Szeged, Hungary
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Jaguszewski M.,University of Zürich | Radovanovic D.,University of Zürich | Nallamothu B.K.,University of Michigan | Luscher T.F.,University of Zürich | And 6 more authors.
EuroIntervention | Year: 2013

Aims: We examined what type of STEMI patients are more likely to undergo multivessel PCI (MPCI) in a "real-world" setting and whether MPCI leads to worse or better outcomes compared with single-vessel PCI (SPCI) after stratifying patients by risk. Methods and results: Among STEMI patients enrolled in the Swiss AMIS Plus registry between 2005 and 2012 (n=12,000), 4,941 were identified with multivessel disease. We then stratified patients based on MPCI use and their risk. High-risk patients were identified a priori as those with: 1) left main (LM) involvement (lesions, n=263); 2) out-of-hospital cardiac arrest; or 3) Killip class III/IV. Logistic regression models examined for predictors of MPCI use and the association between MPCI and in-hospital mortality. Three thousand eight hundred and thirty-three (77.6%) patients underwent SPCI and 1,108 (22.4%) underwent MPCI. Rates of MPCI were greater among high-risk patients for each of the three categories: 8.6% vs. 5.9% for out-of-hospital cardiac arrest (p<0.01); 12.3% vs. 6.2% for Killip III/IV (p<0.001); and 14.5% vs. 2.7% for LM involvement (p<0.001). Overall, in-hospital mortality after MPCI was higher when compared with SPCI (7.3% vs. 4.4%; p<0.001). However, this result was not present when patients were stratified by risk: in-hospital mortality for MPCI vs. SPCI was 2.0% vs. 2.0% (p=1.00) in low-risk patients and 22.2% vs. 21.7% (p=1.00) in high-risk patients. Conclusions: High-risk patients are more likely to undergo MPCI. Furthermore, MPCI does not appear to be associated with higher mortality after stratifying patients based on their risk. © Europa Digital & Publishing 2013.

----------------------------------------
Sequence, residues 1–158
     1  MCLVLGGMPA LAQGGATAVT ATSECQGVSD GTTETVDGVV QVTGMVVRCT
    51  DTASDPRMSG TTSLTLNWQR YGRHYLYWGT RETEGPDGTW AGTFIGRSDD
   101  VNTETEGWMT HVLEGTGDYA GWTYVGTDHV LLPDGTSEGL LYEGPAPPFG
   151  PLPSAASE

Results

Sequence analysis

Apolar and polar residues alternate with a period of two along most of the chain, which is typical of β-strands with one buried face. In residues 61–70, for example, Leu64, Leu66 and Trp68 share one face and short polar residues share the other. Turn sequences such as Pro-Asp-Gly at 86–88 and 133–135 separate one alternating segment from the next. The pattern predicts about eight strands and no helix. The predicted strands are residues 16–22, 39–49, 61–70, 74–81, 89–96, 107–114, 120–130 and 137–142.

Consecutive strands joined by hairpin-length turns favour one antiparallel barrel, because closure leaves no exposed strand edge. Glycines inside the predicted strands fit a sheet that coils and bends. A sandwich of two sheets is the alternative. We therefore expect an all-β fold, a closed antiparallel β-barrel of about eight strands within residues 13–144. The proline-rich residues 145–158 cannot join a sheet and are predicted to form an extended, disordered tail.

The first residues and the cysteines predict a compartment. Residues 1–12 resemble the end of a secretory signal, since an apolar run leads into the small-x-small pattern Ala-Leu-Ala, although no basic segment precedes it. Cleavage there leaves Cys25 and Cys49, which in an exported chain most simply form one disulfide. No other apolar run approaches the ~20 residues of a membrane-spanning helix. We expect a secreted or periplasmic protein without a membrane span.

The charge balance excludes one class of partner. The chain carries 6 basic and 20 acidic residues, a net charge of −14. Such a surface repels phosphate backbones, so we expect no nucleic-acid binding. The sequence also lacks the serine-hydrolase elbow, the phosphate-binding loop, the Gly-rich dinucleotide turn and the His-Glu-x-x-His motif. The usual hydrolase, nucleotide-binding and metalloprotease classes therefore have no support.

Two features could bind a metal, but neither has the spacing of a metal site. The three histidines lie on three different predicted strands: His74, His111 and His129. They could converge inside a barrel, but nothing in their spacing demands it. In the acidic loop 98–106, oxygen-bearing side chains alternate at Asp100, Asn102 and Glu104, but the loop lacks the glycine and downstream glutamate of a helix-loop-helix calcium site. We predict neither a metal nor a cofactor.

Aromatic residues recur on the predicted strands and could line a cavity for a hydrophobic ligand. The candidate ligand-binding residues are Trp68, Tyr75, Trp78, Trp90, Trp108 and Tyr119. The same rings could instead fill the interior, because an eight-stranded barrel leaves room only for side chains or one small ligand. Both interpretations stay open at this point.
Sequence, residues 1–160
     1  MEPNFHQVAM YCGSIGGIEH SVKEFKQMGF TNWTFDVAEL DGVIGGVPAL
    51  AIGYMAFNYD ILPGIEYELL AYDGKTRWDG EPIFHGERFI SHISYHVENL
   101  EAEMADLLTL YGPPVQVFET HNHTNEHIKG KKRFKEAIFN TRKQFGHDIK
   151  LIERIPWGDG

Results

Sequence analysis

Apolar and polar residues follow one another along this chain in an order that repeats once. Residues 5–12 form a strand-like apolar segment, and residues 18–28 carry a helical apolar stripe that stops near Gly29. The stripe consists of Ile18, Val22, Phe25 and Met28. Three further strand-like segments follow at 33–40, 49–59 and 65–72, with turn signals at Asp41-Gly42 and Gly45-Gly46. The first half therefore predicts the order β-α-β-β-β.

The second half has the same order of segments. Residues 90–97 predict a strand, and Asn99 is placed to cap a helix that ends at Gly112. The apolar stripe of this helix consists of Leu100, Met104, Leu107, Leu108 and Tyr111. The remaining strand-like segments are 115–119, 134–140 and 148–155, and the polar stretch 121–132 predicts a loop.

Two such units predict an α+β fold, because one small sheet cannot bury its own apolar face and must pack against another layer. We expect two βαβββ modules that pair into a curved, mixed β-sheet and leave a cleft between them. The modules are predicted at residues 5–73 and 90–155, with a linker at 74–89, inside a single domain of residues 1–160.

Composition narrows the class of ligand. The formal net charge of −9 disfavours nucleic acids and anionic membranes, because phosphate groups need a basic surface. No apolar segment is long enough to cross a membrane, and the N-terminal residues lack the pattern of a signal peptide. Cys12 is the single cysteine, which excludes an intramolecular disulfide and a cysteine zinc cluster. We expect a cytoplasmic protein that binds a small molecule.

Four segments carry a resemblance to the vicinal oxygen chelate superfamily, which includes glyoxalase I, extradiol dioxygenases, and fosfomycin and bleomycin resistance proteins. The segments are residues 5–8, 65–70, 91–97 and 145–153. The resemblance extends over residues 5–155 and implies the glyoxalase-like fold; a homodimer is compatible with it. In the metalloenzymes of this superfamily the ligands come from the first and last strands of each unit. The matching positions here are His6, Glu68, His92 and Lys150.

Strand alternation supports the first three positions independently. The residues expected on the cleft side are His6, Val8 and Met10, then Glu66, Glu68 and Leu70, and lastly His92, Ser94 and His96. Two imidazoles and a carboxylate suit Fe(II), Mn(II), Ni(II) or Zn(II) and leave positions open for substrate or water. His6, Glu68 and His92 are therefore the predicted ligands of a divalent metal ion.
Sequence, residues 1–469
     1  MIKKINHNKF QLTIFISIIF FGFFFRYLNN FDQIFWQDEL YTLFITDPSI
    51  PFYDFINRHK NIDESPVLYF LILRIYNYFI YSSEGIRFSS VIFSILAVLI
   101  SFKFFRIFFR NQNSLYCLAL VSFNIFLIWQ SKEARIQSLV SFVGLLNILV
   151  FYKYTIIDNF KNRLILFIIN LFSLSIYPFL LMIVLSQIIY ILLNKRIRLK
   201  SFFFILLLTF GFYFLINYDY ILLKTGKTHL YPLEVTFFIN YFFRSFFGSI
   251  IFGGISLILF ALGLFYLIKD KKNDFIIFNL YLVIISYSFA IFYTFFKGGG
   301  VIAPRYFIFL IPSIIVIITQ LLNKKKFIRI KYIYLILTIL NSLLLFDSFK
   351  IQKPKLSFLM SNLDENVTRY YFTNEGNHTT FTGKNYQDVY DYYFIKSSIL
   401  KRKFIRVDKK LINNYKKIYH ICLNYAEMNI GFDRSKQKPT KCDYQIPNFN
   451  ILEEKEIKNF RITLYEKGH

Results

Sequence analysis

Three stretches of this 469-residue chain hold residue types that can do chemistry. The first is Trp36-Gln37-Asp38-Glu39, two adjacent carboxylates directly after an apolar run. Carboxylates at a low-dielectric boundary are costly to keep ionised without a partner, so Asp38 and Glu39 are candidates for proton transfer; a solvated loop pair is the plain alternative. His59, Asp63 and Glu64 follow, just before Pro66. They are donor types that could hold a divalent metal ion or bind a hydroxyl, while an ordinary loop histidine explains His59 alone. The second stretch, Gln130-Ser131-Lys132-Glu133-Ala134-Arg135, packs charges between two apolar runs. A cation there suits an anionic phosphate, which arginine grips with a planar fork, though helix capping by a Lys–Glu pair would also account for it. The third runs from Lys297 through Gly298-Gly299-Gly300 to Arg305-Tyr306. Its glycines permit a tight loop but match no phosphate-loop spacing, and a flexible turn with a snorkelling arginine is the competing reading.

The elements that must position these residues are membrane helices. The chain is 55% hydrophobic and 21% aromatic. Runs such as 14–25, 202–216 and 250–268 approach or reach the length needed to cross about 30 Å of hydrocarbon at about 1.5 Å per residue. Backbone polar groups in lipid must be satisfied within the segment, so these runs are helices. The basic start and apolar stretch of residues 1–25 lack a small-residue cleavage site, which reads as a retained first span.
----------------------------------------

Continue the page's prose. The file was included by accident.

Radovanovic D.,University of Zürich | Seifert B.,University of Zürich | Eberli F.R.,Stadtspital Triemli | Rickli H.,Kantonsspital St. Gallen | And 3 more authors.
Heart | Year: 2014